Saturday, December 22, 2012

The future: managing my own money, or other people's money?

I spent the last week having a good think about my future's direction. As a professional trader, I have two options:
1) Manage my own money
2) Manage other people's money
I've been reading CASHFLOW Quadrant from the Rich Dad Poor Dad series, and according to Robert Kiyosaki, most wealthy people obtain their wealth by utilising other people's money (OPM) and time (OTM).
If you're a professional trader / investor with a solid track record of profitability and low drawdown, investors will throw money at you. If you do decide to manage other people's money, your main source of income will come from fees. An advantage of managing OPM is scalability. There's not much difference in effort when investing $1m or $100m. Your investment or trading system(s) should be very similar in both cases. However, in the latter case, your income increases a hundred fold. Not bad at all. If you're a profitable trader using your own money, why not charge investors a fee to piggy-back on your success?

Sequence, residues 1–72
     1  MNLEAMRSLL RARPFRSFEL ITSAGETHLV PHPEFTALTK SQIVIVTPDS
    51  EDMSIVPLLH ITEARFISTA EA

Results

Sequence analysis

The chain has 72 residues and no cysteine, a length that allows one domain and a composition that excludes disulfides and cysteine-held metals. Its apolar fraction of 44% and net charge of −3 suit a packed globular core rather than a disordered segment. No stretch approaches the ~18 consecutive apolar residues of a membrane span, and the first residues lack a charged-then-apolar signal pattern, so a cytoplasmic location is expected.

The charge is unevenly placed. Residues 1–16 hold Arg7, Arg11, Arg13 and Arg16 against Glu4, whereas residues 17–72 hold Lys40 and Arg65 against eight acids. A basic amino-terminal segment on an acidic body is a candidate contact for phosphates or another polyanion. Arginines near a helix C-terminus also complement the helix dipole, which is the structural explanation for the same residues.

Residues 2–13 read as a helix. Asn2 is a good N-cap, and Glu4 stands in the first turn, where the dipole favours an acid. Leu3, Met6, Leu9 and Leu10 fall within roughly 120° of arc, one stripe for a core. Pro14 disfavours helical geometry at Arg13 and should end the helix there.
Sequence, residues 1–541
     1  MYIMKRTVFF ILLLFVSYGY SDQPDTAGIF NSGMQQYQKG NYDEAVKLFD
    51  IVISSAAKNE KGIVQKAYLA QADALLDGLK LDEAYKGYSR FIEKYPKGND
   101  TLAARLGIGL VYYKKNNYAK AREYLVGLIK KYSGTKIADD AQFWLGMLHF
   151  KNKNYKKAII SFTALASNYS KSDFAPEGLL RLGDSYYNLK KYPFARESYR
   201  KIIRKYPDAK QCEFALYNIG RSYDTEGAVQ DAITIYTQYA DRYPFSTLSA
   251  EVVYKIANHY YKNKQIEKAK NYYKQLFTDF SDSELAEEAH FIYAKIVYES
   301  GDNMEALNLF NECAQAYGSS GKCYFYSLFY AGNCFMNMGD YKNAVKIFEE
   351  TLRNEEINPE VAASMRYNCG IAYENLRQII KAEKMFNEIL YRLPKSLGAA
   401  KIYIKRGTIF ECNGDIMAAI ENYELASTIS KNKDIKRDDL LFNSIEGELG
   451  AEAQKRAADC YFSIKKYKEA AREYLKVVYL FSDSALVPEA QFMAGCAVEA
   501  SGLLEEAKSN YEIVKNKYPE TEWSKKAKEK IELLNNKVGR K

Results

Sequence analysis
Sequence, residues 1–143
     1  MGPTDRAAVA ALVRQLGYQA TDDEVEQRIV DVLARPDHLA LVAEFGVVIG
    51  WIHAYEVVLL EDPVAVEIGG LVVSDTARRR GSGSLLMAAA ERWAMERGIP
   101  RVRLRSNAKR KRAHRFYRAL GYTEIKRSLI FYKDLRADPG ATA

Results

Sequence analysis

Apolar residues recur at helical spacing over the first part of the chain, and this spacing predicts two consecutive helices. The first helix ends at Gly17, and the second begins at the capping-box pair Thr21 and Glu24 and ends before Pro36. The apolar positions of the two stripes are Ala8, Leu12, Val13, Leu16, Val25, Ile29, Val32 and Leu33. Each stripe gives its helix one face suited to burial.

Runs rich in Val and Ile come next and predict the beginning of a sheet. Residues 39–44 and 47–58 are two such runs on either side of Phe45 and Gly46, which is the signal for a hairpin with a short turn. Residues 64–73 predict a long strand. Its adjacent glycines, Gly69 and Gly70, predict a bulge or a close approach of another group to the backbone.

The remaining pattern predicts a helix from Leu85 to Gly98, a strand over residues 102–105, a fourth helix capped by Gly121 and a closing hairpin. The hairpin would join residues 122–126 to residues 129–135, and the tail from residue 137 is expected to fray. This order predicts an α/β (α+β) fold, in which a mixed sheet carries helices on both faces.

On the surface, this looks like an attractive proposition. But here are my reservations:
1) It becomes almost like a job. You're no longer answerable to yourself, but also to your investors. You'll be required to meet all sorts of regulations, expectations and KPIs. Most traders become so because of the freedom, and this sets you back in the corporate world, albeit you are your own boss.
2) Your psychological profile may mismatch with investors. Now, this can be partly remedied by being selective about those who invest with you. Most passive investors seek steady and reliable returns. In contrast, most traders want to strike it rich and retire as early as possible. Different goals. Many investors will balk at the prospect of losing 10-20% equity in a short-term drawdown, but traders know that such drawdowns are expected during long-term wealth creation.
There's prestige in finding your own hedge fund. Pyschologically, though, I don't think it's for me.

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